Davenport had committed to trying to meet the targets in the Responsible Employer Ordinance. The law encourages city contractors to utilize minority, women and/or veteran-owned businesses. That appeared less likely for tax incremental financing Loophole Brewing sought for it new place on Taylor Street. Unlike the Housing Development Incentive Program, TIFs by their nature are built around the jobs they create or retain, not the work put into the property.

Nevertheless, councilors heard form the operators of Loophole, which include Belchertown State Representative Aaron Saunders, before approving the tax break. In addition to a taproom, the facility at 51-59 Taylor Street will include an event space and culinary training areas.

At this point, the Council was nearly smashed by time constraints. It fitfully began consideration of $17.6 million transfer to reserves from the fiscal year that ended last year. The move was part of a more elaborate plan the mayor’s office had hatched to defray the increase in the tax levy, which would overwhelmingly hit residential taxpayers. Another $5 million of free cash would pay for that.

However, $5 million was not enough for some councilors. They questioned why the city could not move more of that $17 million to the tax levy now. Chief Administrative & Financial Officer Timothy Plante resisted. Concerned the economy could still hit a recession, he wants that money put aside. Hypothetically, Plante said, it could be revisited before the city sets the tax rate. At that point, revenue (read: property taxes) is locked in.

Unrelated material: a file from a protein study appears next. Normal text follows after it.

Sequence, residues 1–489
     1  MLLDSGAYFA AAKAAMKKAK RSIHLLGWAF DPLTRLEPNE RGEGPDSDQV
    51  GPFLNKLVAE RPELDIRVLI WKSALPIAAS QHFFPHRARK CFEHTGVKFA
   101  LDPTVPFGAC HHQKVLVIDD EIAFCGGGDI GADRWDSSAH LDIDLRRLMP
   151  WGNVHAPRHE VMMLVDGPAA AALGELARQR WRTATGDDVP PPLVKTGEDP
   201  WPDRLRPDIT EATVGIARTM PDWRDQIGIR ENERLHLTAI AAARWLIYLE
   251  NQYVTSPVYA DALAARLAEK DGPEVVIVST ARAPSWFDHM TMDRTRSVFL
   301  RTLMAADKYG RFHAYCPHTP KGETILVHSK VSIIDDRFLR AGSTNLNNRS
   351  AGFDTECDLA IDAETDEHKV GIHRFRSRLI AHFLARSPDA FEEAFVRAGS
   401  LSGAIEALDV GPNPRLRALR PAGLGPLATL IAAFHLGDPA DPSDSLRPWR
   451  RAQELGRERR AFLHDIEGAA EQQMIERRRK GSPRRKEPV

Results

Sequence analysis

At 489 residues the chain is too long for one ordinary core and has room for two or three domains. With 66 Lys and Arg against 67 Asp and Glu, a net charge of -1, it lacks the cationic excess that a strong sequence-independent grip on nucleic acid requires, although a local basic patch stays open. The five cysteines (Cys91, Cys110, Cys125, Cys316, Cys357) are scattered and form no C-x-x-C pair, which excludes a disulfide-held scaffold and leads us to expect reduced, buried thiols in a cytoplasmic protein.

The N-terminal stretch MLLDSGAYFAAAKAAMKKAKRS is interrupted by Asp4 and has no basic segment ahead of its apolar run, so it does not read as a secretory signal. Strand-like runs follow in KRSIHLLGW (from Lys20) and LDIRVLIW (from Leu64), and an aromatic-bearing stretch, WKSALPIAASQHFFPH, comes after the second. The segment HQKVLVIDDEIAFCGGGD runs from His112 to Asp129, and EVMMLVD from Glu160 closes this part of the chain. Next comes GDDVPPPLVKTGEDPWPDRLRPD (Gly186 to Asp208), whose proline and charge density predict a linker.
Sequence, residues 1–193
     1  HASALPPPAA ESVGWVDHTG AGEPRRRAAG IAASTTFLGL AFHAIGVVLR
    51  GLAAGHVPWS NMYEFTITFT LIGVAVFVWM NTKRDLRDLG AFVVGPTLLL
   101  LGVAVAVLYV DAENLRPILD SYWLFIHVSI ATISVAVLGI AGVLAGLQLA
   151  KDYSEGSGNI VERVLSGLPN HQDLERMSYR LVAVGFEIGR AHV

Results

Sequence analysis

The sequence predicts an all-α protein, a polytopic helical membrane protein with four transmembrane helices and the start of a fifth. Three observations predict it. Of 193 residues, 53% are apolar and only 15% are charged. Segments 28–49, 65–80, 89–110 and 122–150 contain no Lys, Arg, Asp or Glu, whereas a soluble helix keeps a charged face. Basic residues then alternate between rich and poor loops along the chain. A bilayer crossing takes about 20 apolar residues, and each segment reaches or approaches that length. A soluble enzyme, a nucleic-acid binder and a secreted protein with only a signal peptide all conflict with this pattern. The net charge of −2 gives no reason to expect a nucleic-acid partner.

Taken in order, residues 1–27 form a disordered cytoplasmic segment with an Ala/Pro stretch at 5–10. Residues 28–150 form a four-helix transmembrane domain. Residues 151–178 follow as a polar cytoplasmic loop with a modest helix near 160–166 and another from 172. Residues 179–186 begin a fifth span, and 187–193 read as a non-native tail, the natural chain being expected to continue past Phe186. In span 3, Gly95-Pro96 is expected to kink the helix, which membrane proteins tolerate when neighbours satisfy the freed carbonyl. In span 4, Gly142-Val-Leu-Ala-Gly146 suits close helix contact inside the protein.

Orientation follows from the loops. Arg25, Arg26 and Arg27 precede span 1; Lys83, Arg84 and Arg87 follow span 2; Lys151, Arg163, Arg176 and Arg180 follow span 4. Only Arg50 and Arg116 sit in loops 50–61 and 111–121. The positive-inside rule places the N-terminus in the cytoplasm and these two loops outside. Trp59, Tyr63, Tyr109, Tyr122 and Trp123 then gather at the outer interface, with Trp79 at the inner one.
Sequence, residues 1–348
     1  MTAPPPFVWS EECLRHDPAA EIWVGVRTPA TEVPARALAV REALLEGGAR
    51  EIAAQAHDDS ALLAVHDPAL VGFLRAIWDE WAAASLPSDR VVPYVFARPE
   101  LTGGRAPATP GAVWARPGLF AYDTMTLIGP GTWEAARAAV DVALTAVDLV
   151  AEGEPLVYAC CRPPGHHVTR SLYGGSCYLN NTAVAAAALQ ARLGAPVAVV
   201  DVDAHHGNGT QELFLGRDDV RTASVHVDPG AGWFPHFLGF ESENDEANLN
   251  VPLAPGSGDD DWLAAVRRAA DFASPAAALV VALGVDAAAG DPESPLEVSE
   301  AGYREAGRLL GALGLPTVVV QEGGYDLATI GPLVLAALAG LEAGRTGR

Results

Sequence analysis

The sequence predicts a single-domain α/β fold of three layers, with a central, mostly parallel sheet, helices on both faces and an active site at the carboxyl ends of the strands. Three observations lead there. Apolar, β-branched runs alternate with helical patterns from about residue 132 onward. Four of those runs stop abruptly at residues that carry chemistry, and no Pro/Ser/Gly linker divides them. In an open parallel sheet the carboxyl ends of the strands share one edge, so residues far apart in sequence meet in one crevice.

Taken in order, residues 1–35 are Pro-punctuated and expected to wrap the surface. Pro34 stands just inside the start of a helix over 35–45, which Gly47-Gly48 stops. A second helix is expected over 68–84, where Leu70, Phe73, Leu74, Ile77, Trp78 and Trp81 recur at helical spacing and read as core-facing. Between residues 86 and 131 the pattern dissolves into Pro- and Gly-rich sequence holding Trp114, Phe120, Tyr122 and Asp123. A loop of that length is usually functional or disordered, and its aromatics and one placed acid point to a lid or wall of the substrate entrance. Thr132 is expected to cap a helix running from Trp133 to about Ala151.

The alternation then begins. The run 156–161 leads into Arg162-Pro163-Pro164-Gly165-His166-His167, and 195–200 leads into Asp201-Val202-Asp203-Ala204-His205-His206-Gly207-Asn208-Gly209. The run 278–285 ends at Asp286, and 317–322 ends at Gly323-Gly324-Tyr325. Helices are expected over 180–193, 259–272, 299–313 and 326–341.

Yet, Plante worried that if the city artificially kept the tax levy low and the economy did turn south, taxes might suddenly spring upward suddenly. That would create consternation and chaos of its own.

Springfield pumpkins

A view of Springfield City Council just as debate on the first housekeeping item ahead of the FY2024 budget votes last week. (via wikipedia)

Councilors pushed back. A motion to committee and nearly a half-hour later, the item had not passed. Council President Jesse Lederman deferred acknowledging that the spell had broken at 10pm until after the Council voted on the motion to committee. Several other financial transfers were among the unfinished business. Lederman (also a mayoral candidate) scheduled for votes the same night as the budget this Tuesday.

As noted, the mayor would gladly pump more money from the past to seemingly lower taxes in the future. Indeed, many of the pending transfers the Council could not get to include funds for neighborhoods and roads. Quite convenient spending for a mayor in a tough race!



However, what the mayor has not acknowledged nor what councilors have focused on is that event tens of millions of dollars is not enough to provide the relief they want for residents. To the extent that tax bills are really becoming a burden, there is no relief in sight. They will continue to rise because the city’s commercial tax base has faltered. Yet, residential property values remain solid, even robust.

Dropping another $8 million from free cash into the budget is no substitute for a stronger economy that would fuel higher commercial property tax revenue.